Mistweavers are very strong multiple target healers but also have very strong burst on a single target.  Their big cooldown, Revival, is incredibly powerful and can bring a group from almost dead to full health. They also can earn back mana through their Mana Tea.

Mistweavers struggle in sustained single target healing.  While they can burst very high, it is not sustainable for long amounts of time.  Mistweavers are also generally harder to learn than other healing specs, and switching between single and multiple target healing can take some getting used to.

Mistweavers are mostly reactionary healers. They can respond almost instantly to damage with their instant casts and big burst.  But they also can sustain a low amount of healing almost indefinitely in between damage spikes.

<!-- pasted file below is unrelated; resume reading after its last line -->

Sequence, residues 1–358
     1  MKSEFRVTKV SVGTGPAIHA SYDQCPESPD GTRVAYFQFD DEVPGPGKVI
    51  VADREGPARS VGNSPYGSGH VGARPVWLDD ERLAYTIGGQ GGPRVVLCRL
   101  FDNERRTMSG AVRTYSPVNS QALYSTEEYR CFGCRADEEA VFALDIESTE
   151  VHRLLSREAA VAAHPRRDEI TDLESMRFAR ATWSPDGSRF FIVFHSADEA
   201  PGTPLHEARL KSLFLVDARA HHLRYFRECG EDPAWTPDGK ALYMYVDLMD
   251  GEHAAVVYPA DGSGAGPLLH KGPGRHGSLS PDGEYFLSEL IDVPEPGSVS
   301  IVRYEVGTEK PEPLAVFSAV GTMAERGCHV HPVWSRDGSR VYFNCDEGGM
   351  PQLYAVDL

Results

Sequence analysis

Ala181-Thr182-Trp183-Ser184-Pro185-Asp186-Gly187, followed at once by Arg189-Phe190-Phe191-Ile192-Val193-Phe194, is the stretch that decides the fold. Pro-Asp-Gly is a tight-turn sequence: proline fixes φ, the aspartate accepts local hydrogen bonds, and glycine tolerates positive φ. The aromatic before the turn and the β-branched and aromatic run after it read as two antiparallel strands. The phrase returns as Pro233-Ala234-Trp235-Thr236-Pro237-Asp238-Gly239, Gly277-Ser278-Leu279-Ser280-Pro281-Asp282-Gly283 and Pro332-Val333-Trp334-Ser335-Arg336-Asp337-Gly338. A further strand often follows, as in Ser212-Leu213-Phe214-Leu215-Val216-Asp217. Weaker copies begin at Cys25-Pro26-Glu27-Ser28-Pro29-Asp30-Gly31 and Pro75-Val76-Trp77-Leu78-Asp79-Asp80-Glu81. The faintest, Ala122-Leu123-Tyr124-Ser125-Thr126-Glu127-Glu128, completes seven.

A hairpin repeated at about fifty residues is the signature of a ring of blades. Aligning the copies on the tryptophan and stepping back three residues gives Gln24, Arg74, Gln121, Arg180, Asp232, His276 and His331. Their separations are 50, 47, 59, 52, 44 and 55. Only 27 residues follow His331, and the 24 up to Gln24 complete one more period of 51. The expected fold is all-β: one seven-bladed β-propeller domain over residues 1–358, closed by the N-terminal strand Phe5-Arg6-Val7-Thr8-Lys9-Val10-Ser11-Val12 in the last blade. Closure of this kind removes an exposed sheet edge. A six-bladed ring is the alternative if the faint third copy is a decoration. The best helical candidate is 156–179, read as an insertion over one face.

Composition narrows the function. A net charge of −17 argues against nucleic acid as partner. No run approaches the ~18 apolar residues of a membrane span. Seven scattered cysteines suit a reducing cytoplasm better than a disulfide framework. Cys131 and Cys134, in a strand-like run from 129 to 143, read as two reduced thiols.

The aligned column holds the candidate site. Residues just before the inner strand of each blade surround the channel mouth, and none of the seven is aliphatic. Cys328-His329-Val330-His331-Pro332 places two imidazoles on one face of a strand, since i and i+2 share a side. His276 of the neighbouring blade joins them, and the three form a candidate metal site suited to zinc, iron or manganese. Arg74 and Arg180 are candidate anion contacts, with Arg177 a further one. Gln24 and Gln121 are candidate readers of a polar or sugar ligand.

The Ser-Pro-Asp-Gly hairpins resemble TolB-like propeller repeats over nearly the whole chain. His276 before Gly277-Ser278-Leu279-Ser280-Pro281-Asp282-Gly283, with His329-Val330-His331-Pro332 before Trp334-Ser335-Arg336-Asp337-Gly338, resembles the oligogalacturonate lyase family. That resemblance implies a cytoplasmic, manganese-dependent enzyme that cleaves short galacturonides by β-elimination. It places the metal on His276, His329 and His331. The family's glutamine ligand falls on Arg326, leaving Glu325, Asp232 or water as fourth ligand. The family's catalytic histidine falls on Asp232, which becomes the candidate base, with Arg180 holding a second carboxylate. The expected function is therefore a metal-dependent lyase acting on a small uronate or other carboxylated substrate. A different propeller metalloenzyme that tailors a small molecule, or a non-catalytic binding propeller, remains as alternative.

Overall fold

Mistweaver healing is one of my favorite styles of healing outside of paladining.  The playstyle is truly unique and the talents offer a lot of customization.  And I will forever be an advocate for Fistweaving as I think melee dpsing to heal is one of the coolest things ever.  However, I would recommend trying out a different healing class before monk.  The playstyle can be very hard to get down and mana is an ever present issue.

Discipline Priest

Discipline Priests are the masters of absorbs.  Through their various shield spells, they can prevent damage on multiple targets or give their allies a few more seconds of life.  Discipline priests are best when healing with other healers due to the nature of their absorb spells.  A discipline priest’s big ability is Power Word: Shield and their single target healing comes mainly from their Penance and Heal spell.  The last major ability disc priests have is a spell called Archangel.  A free crit on a 30 second cooldown, Archangel greatly augments the disc priest’s ability to heal groups.